We need to replace our range. I’m excited to get a double oven, which I have fantasized over for years. So, we are getting that double oven so I can slow roast that pork shoulder and hit the roasted veggies at 450…
Anyway, I almost lost it when I saw a button on the range I liked best that says, “kids meal.” What? How high, how long? I can almost handle that on a microwave, but had never seen it on an oven— one more clue to me that we are way off base with how we relate to food culturally.
Like the children’s menu loaded with only soft and brown foods, or the new “kid friendly” stamp for certain recipes in Cooking Light, what this kind of marketing and messaging does is reinforce the message that kids CAN’T:
- eat the same foods as the adults do
- like a variety of foods
- learn to like new foods without a whole lot of effort and hand-wringing
This message is ubiquitous, from ads telling us that Tyson chicken is the only food your kids will eat “100% of the time,” to that kiddy menu, to the Pediasure anxiety-provoking commercials, to the sample lady at Trader Joe’s offering your child plain chips without the salsa they are sampling (M loved the salsa.) It can become a self-fulfilling prophesy. Every sitcom jokes about eating broccoli, products line the shelves to cater to picky eaters. It all changes how we view and feed children, and they respond accordingly. They live up to our expectations.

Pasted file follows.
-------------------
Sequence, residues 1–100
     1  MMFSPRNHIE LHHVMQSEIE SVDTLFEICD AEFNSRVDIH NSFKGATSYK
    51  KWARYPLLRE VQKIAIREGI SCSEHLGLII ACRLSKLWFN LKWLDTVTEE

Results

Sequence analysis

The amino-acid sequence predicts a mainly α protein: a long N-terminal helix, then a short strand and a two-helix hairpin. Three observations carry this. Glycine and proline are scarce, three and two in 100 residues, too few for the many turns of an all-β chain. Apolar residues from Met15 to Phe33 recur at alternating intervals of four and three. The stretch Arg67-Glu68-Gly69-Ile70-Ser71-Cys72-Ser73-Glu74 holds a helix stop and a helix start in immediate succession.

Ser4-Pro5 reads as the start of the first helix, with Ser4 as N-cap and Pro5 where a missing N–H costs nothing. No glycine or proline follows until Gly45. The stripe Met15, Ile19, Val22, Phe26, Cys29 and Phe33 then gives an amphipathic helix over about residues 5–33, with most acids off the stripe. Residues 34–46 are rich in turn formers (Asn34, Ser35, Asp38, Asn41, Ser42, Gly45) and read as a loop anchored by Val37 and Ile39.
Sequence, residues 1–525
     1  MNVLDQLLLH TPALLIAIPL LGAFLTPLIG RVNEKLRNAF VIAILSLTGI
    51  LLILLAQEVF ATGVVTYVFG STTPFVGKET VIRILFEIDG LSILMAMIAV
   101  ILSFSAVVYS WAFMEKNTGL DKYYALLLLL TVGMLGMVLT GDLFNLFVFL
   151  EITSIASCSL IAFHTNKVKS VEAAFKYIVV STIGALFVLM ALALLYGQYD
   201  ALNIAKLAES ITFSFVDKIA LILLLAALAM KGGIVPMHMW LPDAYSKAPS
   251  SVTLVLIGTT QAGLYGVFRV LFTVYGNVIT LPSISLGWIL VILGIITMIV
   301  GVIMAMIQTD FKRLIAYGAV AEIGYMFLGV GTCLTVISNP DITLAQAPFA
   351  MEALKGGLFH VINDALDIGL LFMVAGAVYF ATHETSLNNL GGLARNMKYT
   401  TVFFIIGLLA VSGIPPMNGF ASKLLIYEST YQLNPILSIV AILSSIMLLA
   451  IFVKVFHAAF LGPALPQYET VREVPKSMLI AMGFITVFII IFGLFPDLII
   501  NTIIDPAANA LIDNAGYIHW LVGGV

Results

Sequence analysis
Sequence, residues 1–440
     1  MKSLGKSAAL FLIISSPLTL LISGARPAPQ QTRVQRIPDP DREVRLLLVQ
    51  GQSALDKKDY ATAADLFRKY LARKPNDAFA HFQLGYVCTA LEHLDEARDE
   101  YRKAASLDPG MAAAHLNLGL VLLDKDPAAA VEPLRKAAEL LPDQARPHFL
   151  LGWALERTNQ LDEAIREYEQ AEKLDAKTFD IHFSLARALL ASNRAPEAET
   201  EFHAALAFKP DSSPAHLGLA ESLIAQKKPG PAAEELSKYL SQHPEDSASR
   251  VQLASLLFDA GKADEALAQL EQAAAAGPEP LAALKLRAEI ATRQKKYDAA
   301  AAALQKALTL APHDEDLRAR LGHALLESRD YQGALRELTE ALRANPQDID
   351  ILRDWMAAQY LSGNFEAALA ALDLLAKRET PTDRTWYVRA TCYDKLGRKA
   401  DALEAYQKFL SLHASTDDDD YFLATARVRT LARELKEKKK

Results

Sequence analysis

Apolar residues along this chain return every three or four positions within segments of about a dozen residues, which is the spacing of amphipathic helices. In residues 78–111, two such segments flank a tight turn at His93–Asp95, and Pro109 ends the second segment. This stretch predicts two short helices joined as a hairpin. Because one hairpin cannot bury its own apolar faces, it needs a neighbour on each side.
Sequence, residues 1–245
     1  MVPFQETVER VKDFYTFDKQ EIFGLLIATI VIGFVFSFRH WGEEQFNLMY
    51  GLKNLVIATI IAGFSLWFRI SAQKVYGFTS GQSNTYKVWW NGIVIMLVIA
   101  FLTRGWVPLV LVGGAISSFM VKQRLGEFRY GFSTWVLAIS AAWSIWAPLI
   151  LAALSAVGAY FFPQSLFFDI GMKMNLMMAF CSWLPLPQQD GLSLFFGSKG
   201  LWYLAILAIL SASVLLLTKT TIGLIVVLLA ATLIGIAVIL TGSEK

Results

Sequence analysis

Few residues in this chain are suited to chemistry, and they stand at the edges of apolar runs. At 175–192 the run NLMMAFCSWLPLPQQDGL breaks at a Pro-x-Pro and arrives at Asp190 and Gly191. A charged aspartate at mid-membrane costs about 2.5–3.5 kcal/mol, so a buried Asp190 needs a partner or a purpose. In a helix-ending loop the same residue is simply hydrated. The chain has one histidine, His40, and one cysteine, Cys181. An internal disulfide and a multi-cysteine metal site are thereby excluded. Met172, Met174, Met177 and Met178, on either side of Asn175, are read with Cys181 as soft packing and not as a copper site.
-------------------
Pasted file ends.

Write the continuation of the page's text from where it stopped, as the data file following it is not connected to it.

But they can. Assume your child can, and in fact wants to (in time) learn to eat and enjoy the foods you do.
Here are some tips:
- Never assume a child won’t like something. I once remember M wanting to eat raw brussels sprouts, and I started to say, “We don’t eat them r…” but bit my tongue. She ate three raw ones and a few ones I cooked too. Consider serving a little bowl of whatever veggies you cook with dinner, but put some raw on the table.
- Also, watch those preconceived notions. My little one liked spicy pickles and even cocktail onions (thanks Grandma!) Artichokes are a treat. I think she likes pulling the leaves and dipping them in balsamic.
- Try to include some of your grown-up favorites next time you eat dinner. Enjoy them yourselves, don’t goad, pressure or push and see if your children are curious…
- Have an expectation of mastery. Offer foods in a neutral way. Most kids are naturally curious about new foods. All the prodding and praise can slow that process down. The curiosity might not mean a taste and swallow this time, but someday it likely will.
- Avoid labeling or describing a child as “picky.”
- Kids like something one day, and refuse it the next. That is normal. Just keep serving what you want them to learn to like (with a few items they generally like.) Avoid rationalizing, explaining, pressuring. For example, M has liked salsa in the past, but had gone off it recently. I did not say, “Yes, try it M, be a big girl, you liked it before!”
- Don’t be afraid to introduce new flavors and cuisines.
What other ways do you see reinforcing the message that kids can’t be competent with eating? What has helped your family?